United 93 and Bourne Supremacy/Ultimatum director Paul Greengrass takes us on a more political adventure and explores the aftermath of the Iraq invasion that is based on the of Rajiv Chandrasekaran’s novel Imperial Life in the Emerald City. Greengrass and screenwriter Brian Helgeland use Chandrasekaran’s story as the basis for the story of an officer who joins forces with a senior CIA officer to unearth evidence that weapons of mass destruction are not actually located in Iraq.
Chief Warrant Officer Roy Miller (Matt Damon) leads a team charged in locating WMD’s using supplied Intel in Iraq, but as they visit from one resistance filled location or booby trapped site to the next finding nothing they soon stumble across evidence of an elaborate cover up due to bogus information received from an unknown source that is vouched for by a member of the Pentagon Special Intelligence called Clarke Poundstone (Greg Kinnear), Miller however finds a sympathiser in Martin Brown (Brendan Gleeson) a CIA officer who encourages Miller to dig deeper.
Miller searches for answers that are made ever more elusive by faulty intelligence and a separate special forces unit lead by Major Briggs (Jason Isaacs) who’s brought in to prevent Miller from finding the truth which adds gravitas to the situation as now Miller is up against his own country as well as the surrounding war.
Miller befriends an Iraqi who becomes his translator and leads Miller and his men to the “Jack of Clubs” of Sadam’s men who escapes and is then uncovered that he is pivotal to the outcome of the war as the truth he holds becomes the most valuable weapon of all, are there Weapons of Mass Destruction?
Green Zone looks absolutely stunning from start to finish and Matt Damon is again as watchable as ever as he seeks the truth. The locations look authentic and with some excellent added CGI to show landmarks of Iraq you get a real sense of ‘filmed on location’ for the entire movie. Brendan Gleeson and Greg Kinnear play their roles nicely and Jason Isaacs adds a wonderful menacing presence and obstacle to Miller’s hunt.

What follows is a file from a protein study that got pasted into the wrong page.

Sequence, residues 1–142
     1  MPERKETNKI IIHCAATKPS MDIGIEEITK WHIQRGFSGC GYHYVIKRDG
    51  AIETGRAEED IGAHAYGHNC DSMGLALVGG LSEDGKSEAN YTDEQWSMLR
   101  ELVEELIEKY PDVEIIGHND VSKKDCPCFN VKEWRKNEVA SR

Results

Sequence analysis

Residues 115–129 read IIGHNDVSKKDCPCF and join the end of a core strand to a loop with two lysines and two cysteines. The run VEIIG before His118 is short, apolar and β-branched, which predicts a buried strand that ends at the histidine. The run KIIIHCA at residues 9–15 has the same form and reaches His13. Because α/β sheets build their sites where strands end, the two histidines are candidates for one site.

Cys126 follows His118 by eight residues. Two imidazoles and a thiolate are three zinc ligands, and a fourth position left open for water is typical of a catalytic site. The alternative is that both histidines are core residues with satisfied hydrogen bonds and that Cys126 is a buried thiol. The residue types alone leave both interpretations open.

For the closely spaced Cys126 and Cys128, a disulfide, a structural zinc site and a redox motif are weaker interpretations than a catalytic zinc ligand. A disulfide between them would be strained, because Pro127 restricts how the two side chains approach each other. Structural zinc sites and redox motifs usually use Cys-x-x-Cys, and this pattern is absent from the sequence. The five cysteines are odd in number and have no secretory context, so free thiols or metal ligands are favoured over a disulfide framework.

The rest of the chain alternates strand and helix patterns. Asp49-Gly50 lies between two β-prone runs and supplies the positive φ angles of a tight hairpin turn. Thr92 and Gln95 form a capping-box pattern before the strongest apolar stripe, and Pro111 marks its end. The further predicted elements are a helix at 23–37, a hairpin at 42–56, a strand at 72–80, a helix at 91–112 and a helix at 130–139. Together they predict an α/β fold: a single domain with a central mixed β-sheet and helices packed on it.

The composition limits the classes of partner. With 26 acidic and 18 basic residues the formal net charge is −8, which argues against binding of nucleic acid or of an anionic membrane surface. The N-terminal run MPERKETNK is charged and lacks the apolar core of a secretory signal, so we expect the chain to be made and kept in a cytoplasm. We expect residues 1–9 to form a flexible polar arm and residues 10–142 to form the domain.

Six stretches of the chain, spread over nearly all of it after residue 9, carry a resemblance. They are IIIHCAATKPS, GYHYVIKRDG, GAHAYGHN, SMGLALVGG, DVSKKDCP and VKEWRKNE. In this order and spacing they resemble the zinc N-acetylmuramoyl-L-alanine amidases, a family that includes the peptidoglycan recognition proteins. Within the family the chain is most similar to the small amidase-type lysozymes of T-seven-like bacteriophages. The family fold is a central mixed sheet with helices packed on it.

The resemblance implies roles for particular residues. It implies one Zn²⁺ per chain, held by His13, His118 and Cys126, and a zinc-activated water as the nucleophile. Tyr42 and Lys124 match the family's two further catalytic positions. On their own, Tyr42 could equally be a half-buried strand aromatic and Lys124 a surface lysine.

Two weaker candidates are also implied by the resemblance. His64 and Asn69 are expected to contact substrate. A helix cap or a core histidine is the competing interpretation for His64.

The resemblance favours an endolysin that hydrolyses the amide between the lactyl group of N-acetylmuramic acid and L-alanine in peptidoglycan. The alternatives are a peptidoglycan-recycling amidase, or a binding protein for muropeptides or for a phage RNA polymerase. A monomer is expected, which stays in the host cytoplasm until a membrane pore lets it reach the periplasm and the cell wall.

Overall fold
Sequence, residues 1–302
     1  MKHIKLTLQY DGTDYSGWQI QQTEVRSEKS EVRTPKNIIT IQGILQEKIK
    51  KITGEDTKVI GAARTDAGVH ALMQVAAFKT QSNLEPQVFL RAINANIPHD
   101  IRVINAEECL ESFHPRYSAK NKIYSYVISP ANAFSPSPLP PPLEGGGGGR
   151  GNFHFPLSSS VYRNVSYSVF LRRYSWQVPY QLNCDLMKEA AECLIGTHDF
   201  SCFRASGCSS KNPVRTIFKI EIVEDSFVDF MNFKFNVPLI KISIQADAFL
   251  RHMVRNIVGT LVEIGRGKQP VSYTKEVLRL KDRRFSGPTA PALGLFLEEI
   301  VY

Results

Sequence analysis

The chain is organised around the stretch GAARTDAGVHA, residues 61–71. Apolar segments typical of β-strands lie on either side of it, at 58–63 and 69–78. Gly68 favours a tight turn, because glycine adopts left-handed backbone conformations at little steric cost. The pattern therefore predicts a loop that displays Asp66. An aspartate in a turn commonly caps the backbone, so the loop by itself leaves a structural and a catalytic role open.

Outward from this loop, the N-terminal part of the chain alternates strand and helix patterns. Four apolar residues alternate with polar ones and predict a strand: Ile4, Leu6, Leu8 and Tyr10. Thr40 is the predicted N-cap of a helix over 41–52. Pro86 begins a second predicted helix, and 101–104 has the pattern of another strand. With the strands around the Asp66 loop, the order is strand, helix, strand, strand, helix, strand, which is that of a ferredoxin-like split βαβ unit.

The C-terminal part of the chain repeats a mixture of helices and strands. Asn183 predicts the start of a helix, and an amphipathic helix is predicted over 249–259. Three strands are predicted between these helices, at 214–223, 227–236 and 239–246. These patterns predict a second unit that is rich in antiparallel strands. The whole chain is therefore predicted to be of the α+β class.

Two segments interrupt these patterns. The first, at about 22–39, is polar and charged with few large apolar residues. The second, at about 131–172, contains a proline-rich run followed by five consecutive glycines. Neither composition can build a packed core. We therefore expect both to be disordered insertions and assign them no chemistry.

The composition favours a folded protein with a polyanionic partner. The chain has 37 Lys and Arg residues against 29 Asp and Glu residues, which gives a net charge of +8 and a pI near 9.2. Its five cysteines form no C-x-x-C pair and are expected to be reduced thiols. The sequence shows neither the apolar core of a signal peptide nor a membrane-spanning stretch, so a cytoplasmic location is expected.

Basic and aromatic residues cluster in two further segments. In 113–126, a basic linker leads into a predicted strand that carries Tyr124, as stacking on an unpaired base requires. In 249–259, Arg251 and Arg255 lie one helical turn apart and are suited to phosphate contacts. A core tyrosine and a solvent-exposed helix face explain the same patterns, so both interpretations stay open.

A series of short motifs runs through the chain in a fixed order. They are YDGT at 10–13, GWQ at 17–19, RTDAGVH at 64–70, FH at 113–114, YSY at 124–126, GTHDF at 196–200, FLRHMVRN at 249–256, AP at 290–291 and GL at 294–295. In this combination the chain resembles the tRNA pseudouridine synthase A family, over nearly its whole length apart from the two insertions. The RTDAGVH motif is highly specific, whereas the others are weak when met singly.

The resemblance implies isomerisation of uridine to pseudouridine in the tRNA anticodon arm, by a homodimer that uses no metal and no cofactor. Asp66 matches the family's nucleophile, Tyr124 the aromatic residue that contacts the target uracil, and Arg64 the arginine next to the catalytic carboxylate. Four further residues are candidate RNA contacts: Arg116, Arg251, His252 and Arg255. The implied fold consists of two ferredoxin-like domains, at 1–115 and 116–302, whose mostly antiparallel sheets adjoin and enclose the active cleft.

Amy Ryan co-stars as a New York Times foreign correspondent who travels to Iraq investigating the US government’s allegations about weapons of mass destruction being the reason for invading but is really underused but equally only really needed to add a friendly media ear to Miller’s discoveries to let the action and story progress.
The action was enjoyable when it came with some tense and very exciting moments that Greengrass is famed for and the plot, although slightly confusing at times, was superb and thought provoking as the WMD’s issue is deep in a lot of peoples thoughts and is extremely well presented to us although in a very political attack at the war which I and many others will agree with
I think the only real issue I had was SHAKY-CAM overdose that made it hard to watch during faster paced scenes but added that tint of a documentary feel to the movie. The opening scene is splendid example of the realistic feel to the film with fleeing high ranking Iraqi officials going into hiding in all directions and the camera pulls up to show the shock and awe bombing that took place to start the war and it really sets the scene nicely.
I have to say the more I’ve thought about the film the more I really enjoyed it, The Bourne tag is never going to be shaken which is a shame as it’s a very interesting film on its own and well worth a watch.
Green Zone is out this Wednesday, 10th March.